Our Turn: Clean energy technologies can benefit us

Published: 5/27/2021 8:00:23 AM

Jerry Seinfeld once said, “No one likes change except a wet baby.” Most of us would just as soon avoid change, but like it or not, the fossil fuels to which we’re accustomed are a dying breed and the science says we must cut emissions pollution in half by 2030. Fortunately, we are in the midst of dramatic technological innovations that could allow us to use non-polluting renewable energy at affordable prices in efficient ways. The three main components of this energy transition are efficiency, electricity and renewable energy sources that produce electricity.

Nationwide renewable electricity generation has nearly doubled over the last decade — close to 90% of the expansion has come from wind and solar. The technologies available to New Hampshire a decade ago are nothing like those we can wield today. And while emerging technologies like renewables-based hydrogen and long-duration storage show potential, New Hampshire already has the technologies it needs to get underway. Below we explore existing technologies close to home that could benefit more people, provided we have supportive state strategies.

Heat pumps. Heating and cooling account for about half of all residential energy consumption. Less than a generation ago electric heat pumps were a poor alternative for New Hampshire because heat pump efficiency crashed with colder temperatures. Today the latest generation of heat pumps can provide heat even when outside temperatures dip as low as -15 degrees Fahrenheit. And more people (authors included) are discovering that this technology offers heating in winter and efficient air conditioning in summer.

Wind. Progress in recent years has helped make the case for offshore wind even stronger. The federal commitment to 30,000 MW by 2030 is huge and important, and we can benefit. (At full power, one 13 MW turbine can cover one household’s daily electricity needs in under seven seconds!) 400,000 Massachusetts homes will get their electricity from an offshore wind project approved just this month.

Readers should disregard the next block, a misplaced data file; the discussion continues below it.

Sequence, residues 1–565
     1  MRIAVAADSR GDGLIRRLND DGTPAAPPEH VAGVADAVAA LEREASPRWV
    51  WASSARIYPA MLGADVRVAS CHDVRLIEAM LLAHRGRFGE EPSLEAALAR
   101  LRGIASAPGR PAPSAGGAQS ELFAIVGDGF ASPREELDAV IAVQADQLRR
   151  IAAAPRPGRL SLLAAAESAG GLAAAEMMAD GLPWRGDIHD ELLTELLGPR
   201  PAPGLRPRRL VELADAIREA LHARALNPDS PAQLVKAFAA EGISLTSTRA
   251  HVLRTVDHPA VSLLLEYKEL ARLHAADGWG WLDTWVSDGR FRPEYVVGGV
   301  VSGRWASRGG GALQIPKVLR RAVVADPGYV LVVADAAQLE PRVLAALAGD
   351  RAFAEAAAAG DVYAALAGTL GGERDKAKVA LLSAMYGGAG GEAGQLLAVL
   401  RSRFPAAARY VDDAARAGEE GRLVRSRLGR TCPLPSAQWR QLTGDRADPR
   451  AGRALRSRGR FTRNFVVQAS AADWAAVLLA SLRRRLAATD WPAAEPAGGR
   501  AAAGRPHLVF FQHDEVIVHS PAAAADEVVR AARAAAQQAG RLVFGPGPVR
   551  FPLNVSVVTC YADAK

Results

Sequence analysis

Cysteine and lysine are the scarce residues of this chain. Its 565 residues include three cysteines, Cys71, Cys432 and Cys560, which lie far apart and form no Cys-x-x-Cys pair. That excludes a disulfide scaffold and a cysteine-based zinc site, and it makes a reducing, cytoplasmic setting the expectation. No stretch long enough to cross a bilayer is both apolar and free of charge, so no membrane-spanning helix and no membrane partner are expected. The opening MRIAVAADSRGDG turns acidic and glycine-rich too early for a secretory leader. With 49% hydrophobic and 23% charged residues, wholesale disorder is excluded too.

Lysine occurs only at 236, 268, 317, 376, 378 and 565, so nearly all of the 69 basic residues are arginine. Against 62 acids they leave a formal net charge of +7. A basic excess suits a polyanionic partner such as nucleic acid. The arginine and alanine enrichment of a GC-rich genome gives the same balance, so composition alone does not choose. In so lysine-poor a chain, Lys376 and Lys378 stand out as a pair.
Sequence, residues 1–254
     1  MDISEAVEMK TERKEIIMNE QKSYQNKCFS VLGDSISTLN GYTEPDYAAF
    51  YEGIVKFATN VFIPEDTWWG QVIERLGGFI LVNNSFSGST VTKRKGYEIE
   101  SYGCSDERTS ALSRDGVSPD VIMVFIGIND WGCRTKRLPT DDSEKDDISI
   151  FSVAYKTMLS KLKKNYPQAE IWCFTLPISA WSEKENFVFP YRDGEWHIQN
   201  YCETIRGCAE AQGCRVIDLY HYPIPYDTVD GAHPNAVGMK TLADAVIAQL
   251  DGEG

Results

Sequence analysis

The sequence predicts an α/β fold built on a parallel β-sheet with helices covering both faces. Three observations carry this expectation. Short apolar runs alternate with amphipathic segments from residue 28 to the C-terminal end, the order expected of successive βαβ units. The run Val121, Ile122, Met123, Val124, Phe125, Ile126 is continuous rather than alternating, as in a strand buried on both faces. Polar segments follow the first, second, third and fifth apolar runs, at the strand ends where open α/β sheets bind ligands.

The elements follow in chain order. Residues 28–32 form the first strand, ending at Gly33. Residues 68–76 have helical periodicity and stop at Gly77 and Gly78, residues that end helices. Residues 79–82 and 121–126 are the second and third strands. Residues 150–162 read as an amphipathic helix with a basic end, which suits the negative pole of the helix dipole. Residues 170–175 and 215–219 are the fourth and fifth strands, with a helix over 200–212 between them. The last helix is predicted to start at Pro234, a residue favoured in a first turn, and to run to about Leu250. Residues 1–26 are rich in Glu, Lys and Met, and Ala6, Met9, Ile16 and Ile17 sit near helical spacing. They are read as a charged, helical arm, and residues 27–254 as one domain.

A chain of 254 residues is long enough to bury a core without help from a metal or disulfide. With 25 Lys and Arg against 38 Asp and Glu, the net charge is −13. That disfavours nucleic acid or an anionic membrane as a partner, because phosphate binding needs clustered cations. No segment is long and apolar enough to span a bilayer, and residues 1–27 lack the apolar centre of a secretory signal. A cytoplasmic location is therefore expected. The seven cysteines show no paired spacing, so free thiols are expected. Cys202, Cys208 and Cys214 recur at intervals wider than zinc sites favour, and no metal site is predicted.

Solar. Rooftop, community or utility-scale. Solar energy is being deployed in many ways and demand is growing (according to the SEIA, prices have fallen 45% over the past five years). Trade in your oil-fired hot water heater for an efficient electric one and presto, free hot water powered by panels and no household emissions!

Batteries and storage. We’ll need energy storage to grow renewables in New Hampshire. Advances in technology are bringing battery storage to consumers today. Lithium-ion batteries are now 73% cheaper than they were six years ago. Storage facilitates adding additional renewables to the grid, eventually squeezing out coal and gas-fueled power plants. Battery storage is available to homes and businesses and can be developed at “utility scale” too. Storage can lower residential electric bills, strengthen resilience to power outages and contribute to cleaner air.

Wheels. The physics behind combustion remains the same regardless of fuel efficiency. For every gallon of gas burned, about 20 pounds of CO2 is released into the air (imagine a bag of charcoal every 30 miles driven in a 30 mpg car). In addition to reducing vehicle miles traveled by combining trips or trading in for a more efficient vehicle, driving an electric car (or F150 truck!) is where individuals can make the biggest difference. Faced with more EVs entering the market and attractive incentives, people are climbing in the driver’s seat of this proven technology.

Efficiency. Clean energy technologies exist and need to be deployed. But an equally intensive effort must be made to drive demand down for heating oil, natural gas, gasoline and electricity by doubling down on energy efficiency and weatherization of homes. Efficiency can emerge from incremental common-sense home improvements purchased at local hardware stores. Efficiency measures resulted in a 43% reduction of energy use during the period 1977-2017, an amount that is 30 times the energy generated by renewable energy sources. Many new efficiency technologies are available today.

Changing energy landscapes notwithstanding, the cold beverages, hot showers and reliable transportation we expect today can still be there in 2030. But supportive state strategies are essential to meeting emissions targets through efficiency and renewables. Are you interested in cleaner air, transportation solutions, buttoning up your home or business and increasing renewable energy options and reliability? Make your comment known. Every three years New Hampshire must update its “10-Year State Energy Strategy”. The Governor’s Office of Strategic Initiatives is about to begin updating the 2018 strategy and is accepting public comment until June 4.

(Roger Stephenson is Northeast Regional Advocacy Director, Union of Concerned Scientists. Rep. Peter Somssich serves on the NH House Science, Technology & Energy Committee.)




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